A Cry in the Dim Part of the Hall
of light, radiating through
the bay-window shades. His neck
bends stiffly for its old sleep
like a fruit tree with too much
Let us not wake him. I will
tell you how he came to rest
in this quiet warmth.
a bullet youth with wired bones
in 1918; carried
Black Jack's messages between
the Huns and only lost an eye,
bouncing from his spirited
motor bike. (First leaf dying
from an elm in waning sunlight
could not descend "as softly.")
Back at home, the world half dark,
the sweetness of life's flower
oozed from Gus. He took his shots
at tenpins while his daughters
cried in the dim part of the hall.
He boozed, he danced, and he bled
with blisters on his feet. ("Eat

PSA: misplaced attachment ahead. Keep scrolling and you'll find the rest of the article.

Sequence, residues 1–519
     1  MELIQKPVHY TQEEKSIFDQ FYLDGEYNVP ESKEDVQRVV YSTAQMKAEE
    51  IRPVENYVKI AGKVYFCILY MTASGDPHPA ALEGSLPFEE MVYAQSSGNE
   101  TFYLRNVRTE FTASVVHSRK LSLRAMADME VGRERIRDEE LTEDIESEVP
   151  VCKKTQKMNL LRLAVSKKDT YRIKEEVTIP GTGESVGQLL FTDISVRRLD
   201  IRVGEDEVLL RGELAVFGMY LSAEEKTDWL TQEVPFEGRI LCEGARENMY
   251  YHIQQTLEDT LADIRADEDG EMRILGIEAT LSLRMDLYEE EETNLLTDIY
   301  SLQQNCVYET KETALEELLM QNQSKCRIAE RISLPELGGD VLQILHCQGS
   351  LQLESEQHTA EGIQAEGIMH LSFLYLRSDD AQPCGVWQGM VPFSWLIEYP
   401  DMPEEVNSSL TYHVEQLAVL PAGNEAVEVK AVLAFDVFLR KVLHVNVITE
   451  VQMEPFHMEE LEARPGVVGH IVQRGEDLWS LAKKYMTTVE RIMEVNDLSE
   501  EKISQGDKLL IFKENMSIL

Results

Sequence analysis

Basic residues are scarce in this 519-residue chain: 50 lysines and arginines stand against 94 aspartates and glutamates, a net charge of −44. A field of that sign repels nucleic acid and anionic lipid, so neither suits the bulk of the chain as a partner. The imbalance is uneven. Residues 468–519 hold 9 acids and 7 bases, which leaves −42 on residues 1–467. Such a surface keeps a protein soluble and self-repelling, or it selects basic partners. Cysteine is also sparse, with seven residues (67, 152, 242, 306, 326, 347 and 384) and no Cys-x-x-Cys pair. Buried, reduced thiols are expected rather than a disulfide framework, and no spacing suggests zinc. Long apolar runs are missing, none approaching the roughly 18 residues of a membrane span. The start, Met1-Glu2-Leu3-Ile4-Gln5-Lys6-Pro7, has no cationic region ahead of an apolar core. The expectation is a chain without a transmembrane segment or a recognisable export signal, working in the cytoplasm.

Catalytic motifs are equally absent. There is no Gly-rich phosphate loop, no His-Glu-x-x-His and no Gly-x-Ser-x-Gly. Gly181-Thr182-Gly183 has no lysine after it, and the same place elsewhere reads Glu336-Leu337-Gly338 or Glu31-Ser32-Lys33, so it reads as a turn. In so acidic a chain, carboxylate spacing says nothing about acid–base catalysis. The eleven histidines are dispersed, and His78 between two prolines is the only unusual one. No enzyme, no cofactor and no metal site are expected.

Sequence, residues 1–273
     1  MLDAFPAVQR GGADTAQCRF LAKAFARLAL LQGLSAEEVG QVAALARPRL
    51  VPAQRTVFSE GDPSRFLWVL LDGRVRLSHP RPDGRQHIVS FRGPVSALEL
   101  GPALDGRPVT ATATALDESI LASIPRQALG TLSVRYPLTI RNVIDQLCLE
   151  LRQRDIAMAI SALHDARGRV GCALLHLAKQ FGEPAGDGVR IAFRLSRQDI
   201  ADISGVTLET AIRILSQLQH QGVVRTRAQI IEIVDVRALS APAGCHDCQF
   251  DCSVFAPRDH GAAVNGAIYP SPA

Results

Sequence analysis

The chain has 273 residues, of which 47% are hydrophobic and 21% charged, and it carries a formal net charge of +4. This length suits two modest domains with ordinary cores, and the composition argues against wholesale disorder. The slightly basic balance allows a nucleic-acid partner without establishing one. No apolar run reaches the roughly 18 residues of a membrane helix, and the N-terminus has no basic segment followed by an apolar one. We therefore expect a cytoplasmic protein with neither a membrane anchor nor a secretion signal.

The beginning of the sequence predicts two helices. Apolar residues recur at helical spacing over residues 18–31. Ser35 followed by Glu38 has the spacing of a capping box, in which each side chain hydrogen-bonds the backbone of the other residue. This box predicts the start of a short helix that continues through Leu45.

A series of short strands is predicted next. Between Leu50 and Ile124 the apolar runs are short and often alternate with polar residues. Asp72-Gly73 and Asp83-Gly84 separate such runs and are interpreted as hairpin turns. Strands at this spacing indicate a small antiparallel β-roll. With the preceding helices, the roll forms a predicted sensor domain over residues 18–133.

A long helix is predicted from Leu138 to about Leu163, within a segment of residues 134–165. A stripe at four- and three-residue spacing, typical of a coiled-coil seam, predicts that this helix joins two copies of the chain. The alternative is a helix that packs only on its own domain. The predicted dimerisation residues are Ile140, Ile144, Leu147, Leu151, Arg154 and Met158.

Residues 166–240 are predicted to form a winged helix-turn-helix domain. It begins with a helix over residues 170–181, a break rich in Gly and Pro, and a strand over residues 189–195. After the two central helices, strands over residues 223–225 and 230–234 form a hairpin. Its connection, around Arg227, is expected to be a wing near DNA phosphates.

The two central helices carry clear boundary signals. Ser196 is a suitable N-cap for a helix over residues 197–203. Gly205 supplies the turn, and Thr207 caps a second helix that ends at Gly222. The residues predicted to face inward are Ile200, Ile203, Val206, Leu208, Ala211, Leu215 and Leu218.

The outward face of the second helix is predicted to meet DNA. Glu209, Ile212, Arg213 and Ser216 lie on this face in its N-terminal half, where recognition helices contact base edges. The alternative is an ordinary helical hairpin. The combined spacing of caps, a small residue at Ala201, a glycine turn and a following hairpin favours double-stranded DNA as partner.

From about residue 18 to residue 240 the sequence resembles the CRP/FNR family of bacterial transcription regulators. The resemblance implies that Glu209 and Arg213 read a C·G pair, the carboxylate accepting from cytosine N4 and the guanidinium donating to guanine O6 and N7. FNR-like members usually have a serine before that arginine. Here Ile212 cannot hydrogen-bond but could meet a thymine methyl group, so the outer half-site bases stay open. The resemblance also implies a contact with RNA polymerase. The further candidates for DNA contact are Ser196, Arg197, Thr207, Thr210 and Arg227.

the sun," Gus always bantered.
He did, and the gobs of fire
burned his bulbous stomach raw.)
No spring or fall touched proud Gus.
His girls could not sprint as fast,
slug as hard; and nobody
could expect them to. (Gus bounced
"like a rubber plant" and “sapped
into a bucket.”)
another brief look at him.
The next war made young mothers
of his girls. The little boys
brought him beer in big tin pails
as he watched Friday night's fights,
the bay-windows open for
humid summer air. (Gus called
the bouts "essential to my
strength." The family blossomed gay
at the new corner tavern.)
Now, the great-grand kids play at
war in the rusted helmets
Gus brought home. Occasionally
he does not know their names, and
they do not remember his.
He cannot see beyond these
seventies that peel like
sycamore upon his hands.
(Gus says his "summers are not
long enough," and sparkling birds
will never "grace my limbs.")
Gus yields to hear the sunlight
thinning in the shade, and sleeps
to dream that all boys scramble.